We are sitting on the couch and, at seventeen, she almost crawls into my lap. I stroke her hair, coarse with black dye.

We ground her, of course.

“Here’s the deal,” I say. “I’ll take you to the doctor and get the chip taken out. But you’ve got to do your part. You’ve got to tell us where you’re going and what you’re doing.”

She is subdued and listens without agreeing or disagreeing.

Matt and I lecture, even if we know it is the worst thing to do. How can we not? All our feelings spill out in warnings. She’s got to straighten up. She’ll be eighteen in five months, and she’s got to make some decisions. If we’re going to help her go to art school, she’s got to get her grades up. And on, and on.

Her dad goes to the bathroom and I take the photo of my mother out of my purse. I slide it toward her on the coffee table.

She frowns at it, and looks up at me, puzzled.

“You can have it,” I say. “But please don’t paint her being hit by a car. I couldn’t stand it.”

She covers her mouth with her hand, thinking. What words are trapped behind that hand?

Then she nods and says softly, “Okay, Mom.”

• • • •

At two that morning, I wake up, frightened from some dream. I lie in bed and catalogue my sins; obsessive, insufficiently understanding, self-absorbed. Then I get up and call up DigitalAngelMap.com. First I put in Renata’s code, which I know by heart. The yellow triangle is steady on our street. I watch it a long time. Sonia climbs the steps. I can hear her. She’s an old dog now and she has arthritis. She comes into the extra bedroom where we keep the computer and lies down and sighs.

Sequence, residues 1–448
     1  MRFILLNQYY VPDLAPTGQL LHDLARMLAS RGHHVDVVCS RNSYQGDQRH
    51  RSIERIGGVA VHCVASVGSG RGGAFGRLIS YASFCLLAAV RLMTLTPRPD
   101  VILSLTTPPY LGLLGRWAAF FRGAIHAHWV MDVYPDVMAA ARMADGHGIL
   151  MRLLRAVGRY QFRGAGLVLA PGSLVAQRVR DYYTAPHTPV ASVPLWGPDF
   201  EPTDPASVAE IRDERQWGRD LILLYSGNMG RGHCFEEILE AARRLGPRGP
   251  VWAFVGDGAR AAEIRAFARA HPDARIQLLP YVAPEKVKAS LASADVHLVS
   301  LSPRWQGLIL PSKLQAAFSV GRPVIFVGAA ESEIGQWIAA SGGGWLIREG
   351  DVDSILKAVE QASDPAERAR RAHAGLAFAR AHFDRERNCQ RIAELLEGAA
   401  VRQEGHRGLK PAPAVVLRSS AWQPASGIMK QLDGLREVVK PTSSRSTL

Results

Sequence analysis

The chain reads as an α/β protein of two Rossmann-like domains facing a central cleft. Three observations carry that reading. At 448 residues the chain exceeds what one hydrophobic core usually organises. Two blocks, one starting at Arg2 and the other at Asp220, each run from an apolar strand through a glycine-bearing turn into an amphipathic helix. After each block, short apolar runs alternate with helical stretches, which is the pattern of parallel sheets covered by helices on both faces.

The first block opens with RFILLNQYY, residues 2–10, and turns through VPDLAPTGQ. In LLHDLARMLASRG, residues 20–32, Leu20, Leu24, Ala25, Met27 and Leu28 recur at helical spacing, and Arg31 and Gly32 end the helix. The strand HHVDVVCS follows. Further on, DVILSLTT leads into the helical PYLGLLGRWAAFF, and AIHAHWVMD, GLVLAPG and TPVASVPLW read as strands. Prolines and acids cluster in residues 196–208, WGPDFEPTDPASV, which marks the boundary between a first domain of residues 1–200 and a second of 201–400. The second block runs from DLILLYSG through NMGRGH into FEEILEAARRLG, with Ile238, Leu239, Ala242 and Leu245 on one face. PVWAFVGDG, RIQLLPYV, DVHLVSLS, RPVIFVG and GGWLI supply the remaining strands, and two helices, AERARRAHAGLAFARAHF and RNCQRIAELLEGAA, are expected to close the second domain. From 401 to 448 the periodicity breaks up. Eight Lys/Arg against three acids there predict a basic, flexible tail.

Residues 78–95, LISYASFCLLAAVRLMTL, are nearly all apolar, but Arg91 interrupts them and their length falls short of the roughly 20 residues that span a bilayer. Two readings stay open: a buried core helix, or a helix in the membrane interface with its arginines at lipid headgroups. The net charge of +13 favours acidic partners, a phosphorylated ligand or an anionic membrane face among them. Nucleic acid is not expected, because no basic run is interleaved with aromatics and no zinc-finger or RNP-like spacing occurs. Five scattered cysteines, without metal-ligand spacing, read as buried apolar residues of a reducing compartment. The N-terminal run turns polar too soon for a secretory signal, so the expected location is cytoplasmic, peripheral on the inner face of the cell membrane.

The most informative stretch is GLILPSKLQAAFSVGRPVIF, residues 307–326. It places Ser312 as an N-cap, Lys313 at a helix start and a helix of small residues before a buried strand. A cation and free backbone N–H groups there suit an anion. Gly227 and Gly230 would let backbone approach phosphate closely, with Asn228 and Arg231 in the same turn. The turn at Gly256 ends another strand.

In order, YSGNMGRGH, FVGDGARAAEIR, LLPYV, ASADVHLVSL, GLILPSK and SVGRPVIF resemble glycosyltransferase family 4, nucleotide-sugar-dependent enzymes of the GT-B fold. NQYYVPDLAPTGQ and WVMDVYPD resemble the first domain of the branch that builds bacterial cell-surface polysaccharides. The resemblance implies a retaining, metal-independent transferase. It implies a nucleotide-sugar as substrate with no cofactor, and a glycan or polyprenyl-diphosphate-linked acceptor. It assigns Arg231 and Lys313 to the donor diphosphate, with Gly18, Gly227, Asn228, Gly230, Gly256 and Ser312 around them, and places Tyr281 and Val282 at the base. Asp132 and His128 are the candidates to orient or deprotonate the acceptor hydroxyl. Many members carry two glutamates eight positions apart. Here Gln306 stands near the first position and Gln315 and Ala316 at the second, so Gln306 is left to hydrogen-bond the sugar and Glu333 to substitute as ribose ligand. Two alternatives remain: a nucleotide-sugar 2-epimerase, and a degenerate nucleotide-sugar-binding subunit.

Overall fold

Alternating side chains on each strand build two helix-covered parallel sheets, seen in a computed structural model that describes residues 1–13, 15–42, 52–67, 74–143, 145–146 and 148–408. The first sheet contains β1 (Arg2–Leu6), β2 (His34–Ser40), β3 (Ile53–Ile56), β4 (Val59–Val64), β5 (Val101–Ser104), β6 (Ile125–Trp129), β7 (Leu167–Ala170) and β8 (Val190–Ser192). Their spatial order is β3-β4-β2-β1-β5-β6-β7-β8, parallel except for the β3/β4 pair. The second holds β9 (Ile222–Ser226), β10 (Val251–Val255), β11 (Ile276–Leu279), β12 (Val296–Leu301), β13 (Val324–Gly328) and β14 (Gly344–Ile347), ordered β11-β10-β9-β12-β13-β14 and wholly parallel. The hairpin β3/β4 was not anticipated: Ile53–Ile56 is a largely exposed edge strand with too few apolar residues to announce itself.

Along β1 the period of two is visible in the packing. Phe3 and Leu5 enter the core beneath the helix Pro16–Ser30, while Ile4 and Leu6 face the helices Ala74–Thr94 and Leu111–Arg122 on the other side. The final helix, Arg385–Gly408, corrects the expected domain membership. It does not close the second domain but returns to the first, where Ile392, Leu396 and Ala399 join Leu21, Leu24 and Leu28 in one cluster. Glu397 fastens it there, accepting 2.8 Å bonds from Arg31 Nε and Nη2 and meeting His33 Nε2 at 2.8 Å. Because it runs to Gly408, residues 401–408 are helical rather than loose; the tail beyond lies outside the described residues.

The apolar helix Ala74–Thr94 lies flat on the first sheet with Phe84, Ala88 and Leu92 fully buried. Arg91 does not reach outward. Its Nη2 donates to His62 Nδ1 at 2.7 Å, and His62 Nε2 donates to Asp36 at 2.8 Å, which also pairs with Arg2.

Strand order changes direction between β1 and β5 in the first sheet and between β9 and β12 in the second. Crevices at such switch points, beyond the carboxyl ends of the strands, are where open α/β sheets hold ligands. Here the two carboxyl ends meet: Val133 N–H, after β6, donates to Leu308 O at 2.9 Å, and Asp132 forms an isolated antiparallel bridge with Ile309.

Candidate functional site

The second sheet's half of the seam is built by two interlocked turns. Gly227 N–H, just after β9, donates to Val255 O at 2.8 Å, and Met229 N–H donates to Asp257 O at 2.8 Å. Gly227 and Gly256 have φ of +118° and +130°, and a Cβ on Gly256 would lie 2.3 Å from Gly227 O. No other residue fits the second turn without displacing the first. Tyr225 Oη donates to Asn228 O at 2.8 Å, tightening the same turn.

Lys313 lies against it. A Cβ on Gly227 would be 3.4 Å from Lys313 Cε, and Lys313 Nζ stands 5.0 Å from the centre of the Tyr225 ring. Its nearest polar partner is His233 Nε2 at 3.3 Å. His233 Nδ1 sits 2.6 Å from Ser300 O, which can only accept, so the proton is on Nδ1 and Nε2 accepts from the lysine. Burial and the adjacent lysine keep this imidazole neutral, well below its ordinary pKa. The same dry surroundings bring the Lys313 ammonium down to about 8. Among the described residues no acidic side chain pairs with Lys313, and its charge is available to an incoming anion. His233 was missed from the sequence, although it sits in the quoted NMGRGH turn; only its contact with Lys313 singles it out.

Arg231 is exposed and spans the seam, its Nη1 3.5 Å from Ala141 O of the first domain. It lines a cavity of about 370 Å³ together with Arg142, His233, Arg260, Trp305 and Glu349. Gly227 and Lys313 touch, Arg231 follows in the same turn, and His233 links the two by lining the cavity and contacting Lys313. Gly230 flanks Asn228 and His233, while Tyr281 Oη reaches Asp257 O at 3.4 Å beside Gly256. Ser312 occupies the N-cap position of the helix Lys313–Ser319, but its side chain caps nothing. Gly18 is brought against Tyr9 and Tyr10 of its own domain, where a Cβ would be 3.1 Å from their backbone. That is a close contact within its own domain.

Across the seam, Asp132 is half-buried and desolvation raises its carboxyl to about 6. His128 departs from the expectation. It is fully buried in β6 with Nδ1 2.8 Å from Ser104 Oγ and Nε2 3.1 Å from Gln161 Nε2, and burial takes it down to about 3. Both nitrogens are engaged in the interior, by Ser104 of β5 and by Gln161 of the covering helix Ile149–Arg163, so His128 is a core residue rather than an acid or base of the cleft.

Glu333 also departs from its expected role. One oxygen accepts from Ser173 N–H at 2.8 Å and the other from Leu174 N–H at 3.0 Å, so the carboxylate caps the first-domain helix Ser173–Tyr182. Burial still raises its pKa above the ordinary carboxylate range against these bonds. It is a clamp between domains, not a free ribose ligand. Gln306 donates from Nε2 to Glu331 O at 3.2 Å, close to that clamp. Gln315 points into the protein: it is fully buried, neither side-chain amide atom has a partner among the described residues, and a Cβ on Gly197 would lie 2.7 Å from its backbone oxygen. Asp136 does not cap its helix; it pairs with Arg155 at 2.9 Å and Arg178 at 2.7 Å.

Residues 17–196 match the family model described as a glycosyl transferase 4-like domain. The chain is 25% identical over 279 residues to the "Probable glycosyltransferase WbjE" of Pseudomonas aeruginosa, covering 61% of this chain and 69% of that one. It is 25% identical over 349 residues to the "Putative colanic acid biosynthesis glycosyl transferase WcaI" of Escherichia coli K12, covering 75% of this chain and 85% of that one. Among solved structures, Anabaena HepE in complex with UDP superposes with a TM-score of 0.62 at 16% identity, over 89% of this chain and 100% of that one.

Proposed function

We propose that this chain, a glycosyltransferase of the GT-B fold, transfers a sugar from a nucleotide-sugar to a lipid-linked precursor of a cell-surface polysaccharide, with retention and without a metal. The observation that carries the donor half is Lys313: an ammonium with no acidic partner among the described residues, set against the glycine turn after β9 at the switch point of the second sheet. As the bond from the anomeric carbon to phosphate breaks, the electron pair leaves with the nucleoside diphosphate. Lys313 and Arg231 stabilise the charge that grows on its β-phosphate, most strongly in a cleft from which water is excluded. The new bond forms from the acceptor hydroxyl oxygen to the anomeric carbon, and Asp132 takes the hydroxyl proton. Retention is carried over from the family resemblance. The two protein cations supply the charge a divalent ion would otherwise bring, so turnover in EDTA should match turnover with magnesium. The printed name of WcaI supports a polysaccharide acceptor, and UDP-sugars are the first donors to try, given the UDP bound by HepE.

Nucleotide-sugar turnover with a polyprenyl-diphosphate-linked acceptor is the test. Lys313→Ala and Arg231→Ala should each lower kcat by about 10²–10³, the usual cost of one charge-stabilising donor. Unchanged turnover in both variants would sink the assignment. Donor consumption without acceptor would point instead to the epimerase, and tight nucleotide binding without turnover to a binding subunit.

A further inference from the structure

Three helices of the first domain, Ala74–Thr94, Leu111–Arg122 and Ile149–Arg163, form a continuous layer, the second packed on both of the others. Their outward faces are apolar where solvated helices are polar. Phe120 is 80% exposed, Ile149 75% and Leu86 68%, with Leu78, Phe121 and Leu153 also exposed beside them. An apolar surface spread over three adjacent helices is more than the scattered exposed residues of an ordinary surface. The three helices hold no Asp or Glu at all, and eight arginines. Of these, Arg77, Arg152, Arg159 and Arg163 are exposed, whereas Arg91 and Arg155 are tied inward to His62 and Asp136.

I put in my mother’s code. As soon as I start typing it, I am gripped by the deep conviction, the premonition that my mother is out wandering around.

But the triangle is right where it should be, unmoving. I turn off the computer and then step over the dog and turn out the light, step blindly back over the dog and sit in the chair. The dark and stillness spread around me, blanketing the house and the street. The cars are silent and still and the girls are all safe in their beds.

Maureen F. McHugh

Maureen McHughMaureen F. McHugh was born in what was then a sleepy, blue collar town in Ohio called Loveland. She went to college in Ohio, and then graduate school at New York University. She lived a year in Shijiazhuang, China. Her first book, Tiptree Award winner China Mountain Zhang was published in 1991. Since then she has written three novels and a well received collection of short stories, Story Prize finalist Mothers & Other Monsters. McHugh has also worked on alternate reality games for Halo 2, The Watchmen, and Nine Inch Nails. She lives in Los Angeles, where she has attempted to sell her soul to Hollywood.